Skip to main content

James 2:20: Do You Want To Be Shown, You Foolish Person, That Faith Apart From Works Is Useless?

James 2:20
[20] Do you want to be shown, you foolish person, that faith apart from works is useless? (ESV)

There is some strong language here in this verse. James is challenging the one whom he calls a foolish person. Likely there would have been some people in the church that were being misled by a false understanding of faith. James is ready to set the record straight. The one who thinks they can have faith apart from works is a fool!

In many of our churches today, James would be controversial, even offensive. I am sure that there would be people who would resign their membership and join the Church of the Happy Handshake down the road. I mean, after all, how dare someone tell them that they are a fool? They go to church to have someone make them feel good!

James makes a distinction here between a genuine faith that is alive vs. a dead, ineffective, useless faith that has no works. It seems that one of the things that the church is good at is declaring that God loves us and wants to offer his grace to sinners. However, we need to also tell people that if they are going to place their faith in God and receive this grace, there is a need for repentance.

Repentance is a work that is connected with genuine faith. We are to turn to God and turn away from our sins. If someone claims that their faith is genuine yet continues to walk in every single sin with no remorse or change you can be sure that the faith they are claiming is dead, ineffective, even useless.

Are you a fool? Or are you faithful? Is the faith that you claim to have accompanied with action? If you claim to have placed your faith in Christ, have you repented of your sin?


Popular posts from this blog

Romans 8:18: For I Consider That The Sufferings Of This Present Time Are Not Worth Comparing

Romans 8:18 [18] For I consider that the sufferings of this present time are not worth comparing with the glory that is to be revealed to us. (ESV) Perspective. What an important word. Let's be honest. We do not like the idea of suffering. We will do almost anything to avoid any kind of suffering. Some churches have gone so far as to preach against the idea of suffering, declaring it to not be a part of the true believer's life. Paul is not shy about the topic. Paul uses the sufferings of this present time as a means to consider the greater glory that awaits us. Perspective. Paul is not in any way attempting to diminish our suffering. A view toward eternity puts our suffering in a proper understanding. Yes, our suffering is terrible. In the grand scheme of eternity it is not even worth comparison. Maybe you are thinking that Paul does not know what he is talking about when it comes to suffering. In 2 Corinthians 11 Paul describes countless beatings, often near death,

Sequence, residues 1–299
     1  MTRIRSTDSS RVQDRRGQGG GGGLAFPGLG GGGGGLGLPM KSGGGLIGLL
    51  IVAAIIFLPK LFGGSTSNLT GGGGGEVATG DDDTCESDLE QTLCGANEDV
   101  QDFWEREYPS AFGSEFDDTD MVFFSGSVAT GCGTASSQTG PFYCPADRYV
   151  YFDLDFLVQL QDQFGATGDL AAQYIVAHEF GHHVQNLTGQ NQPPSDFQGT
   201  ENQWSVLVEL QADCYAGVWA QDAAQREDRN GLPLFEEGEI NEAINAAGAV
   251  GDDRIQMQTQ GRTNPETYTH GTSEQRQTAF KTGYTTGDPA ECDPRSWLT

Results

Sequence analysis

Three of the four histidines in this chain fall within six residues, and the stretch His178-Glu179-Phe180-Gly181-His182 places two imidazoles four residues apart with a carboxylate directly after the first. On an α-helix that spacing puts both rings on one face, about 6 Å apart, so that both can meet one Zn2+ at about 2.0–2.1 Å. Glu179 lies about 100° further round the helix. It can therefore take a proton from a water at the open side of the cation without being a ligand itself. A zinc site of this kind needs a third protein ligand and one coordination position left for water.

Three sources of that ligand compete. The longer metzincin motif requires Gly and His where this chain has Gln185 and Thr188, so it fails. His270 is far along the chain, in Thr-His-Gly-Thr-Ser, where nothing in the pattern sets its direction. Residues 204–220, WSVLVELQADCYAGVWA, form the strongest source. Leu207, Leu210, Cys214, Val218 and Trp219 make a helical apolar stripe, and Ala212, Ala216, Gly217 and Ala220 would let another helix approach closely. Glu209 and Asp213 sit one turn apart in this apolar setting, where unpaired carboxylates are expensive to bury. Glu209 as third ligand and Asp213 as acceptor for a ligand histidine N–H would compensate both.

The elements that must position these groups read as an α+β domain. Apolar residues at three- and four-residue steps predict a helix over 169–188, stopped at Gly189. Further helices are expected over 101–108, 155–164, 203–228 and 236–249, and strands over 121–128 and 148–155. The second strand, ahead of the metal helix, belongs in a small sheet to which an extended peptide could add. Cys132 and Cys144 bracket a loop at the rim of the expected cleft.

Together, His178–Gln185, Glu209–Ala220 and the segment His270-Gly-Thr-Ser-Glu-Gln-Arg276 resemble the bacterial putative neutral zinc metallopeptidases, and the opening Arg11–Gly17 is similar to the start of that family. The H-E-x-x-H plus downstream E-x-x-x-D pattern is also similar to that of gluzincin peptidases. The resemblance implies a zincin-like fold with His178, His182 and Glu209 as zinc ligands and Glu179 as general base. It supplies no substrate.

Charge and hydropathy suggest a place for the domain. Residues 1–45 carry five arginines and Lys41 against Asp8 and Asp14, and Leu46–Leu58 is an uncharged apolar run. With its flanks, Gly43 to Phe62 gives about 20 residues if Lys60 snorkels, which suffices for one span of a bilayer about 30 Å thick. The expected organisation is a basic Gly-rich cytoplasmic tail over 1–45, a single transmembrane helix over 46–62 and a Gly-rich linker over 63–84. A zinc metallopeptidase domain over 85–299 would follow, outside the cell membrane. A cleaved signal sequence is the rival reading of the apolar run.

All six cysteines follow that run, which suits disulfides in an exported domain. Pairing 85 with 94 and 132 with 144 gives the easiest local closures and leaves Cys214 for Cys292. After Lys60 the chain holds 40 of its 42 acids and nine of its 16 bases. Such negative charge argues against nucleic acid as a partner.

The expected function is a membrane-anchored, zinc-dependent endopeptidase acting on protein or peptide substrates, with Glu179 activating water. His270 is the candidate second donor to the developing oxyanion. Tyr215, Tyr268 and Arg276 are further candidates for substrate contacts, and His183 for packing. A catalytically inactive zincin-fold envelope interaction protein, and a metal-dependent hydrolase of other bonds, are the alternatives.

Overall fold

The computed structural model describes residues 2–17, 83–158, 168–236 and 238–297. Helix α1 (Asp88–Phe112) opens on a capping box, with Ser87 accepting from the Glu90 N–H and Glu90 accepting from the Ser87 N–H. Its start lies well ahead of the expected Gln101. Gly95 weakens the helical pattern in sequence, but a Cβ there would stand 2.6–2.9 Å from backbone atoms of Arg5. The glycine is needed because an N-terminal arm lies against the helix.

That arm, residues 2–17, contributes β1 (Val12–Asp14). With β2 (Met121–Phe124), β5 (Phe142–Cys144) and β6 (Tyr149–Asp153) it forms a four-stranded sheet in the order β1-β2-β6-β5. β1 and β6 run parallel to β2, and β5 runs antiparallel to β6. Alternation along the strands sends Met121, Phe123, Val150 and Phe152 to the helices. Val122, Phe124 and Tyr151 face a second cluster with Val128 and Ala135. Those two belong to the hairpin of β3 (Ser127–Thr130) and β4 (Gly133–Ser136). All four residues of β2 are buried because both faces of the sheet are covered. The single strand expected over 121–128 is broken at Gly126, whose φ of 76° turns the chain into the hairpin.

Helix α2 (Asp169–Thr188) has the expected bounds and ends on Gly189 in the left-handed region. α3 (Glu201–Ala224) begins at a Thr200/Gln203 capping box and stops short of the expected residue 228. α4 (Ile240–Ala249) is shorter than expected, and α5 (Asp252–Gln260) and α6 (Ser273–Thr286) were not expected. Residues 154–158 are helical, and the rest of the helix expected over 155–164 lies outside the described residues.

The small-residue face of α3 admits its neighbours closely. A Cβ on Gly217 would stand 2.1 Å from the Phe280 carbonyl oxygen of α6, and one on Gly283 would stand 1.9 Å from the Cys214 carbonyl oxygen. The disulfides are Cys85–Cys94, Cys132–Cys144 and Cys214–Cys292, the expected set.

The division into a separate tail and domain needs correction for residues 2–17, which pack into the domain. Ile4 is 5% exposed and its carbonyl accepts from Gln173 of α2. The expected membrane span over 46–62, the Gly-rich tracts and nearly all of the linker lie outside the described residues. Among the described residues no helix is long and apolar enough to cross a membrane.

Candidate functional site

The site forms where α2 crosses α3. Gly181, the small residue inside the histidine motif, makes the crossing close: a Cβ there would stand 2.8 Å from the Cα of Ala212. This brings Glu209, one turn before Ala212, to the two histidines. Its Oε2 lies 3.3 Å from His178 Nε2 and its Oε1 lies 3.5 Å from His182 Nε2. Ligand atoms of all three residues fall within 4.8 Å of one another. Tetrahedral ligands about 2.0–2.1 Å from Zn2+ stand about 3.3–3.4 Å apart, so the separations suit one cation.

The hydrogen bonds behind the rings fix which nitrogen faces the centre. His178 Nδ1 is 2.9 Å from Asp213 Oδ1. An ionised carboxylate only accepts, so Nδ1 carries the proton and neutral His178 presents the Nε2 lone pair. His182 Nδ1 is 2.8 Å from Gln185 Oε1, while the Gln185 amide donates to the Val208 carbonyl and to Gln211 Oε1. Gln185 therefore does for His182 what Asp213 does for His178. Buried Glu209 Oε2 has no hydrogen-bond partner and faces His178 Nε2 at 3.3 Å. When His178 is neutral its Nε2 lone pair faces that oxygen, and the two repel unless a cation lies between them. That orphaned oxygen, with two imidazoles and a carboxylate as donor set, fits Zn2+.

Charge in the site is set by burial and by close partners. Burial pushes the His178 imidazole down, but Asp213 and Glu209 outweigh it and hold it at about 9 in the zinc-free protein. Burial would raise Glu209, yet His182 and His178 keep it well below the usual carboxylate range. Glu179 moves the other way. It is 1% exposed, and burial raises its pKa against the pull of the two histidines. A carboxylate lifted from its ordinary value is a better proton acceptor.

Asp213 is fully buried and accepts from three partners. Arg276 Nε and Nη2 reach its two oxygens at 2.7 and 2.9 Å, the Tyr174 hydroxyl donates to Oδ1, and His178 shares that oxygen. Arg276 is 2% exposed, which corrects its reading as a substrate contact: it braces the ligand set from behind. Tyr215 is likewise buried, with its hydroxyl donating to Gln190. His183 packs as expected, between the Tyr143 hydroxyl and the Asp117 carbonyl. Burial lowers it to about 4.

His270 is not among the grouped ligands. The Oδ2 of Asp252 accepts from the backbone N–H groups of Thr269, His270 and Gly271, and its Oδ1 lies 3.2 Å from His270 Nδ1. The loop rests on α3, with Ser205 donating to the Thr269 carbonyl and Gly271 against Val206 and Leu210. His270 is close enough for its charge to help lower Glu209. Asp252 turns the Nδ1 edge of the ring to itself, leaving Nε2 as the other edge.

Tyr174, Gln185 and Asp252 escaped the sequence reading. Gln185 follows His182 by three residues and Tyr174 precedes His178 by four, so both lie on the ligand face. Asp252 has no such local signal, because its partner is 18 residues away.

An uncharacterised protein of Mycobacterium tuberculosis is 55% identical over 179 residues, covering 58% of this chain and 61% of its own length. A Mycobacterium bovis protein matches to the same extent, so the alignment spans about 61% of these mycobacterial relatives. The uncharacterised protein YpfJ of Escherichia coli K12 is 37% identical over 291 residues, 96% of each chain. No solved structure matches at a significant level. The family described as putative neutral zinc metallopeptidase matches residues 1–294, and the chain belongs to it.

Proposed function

Romans 15:14: I Myself Am Satisfied About You, My Brothers

Romans 15:14 [14] I myself am satisfied about you, my brothers, that you yourselves are full of goodness, filled with all knowledge and able to instruct one another. (ESV) The Apostle Paul was a strong man. His words to the churches in all of his letters are full of doctrinal truth and instruction that are not for the faint of heart. In this letter to the church at Rome he had to correct them in their understanding of how to deal with issues that could potentially divide them. Paul had never even been to Rome yet. He had not met these believers. Paul is telling the church at Rome in this verse that the reason they were able to receive his strong words was because of their spiritual maturity. He declares that they are full of goodness, filled with all knowledge and able to instruct one another. This is an incredible compliment that Paul would not offer to every church. This concept of being filled with goodness and knowledge speaks of a group of believers who had listened to t

Romans 15:22: This Is The Reason Why I Have So Often Been Hindered From Coming To You.

Romans 15:22 [22] This is the reason why I have so often been hindered from coming to you. (ESV) Paul was quite the traveler. As an Apostle to the Gentiles his task was literally to take the Gospel to the entire known world at the time. Many of the Epistles that Paul writes are letters written to places where he has already been. He preached the Gospel, many were saved, churches were planted, and Paul moved on to a new area. Rome was a place that Paul had never been to. He writes this entire letter to people whom he had never met. As an Apostle to the Gentiles he wanted to give them the good solid teaching they needed to grow in their faith. Likely, someone who was converted on the Day of Pentecost went back to Rome and first shared the Gospel there. Paul says that he has been often hindered from coming to Rome. He could have argued that all kinds of circumstances would not permit him to get to Rome. Paul would not have blamed circumstances. He would have understood that it w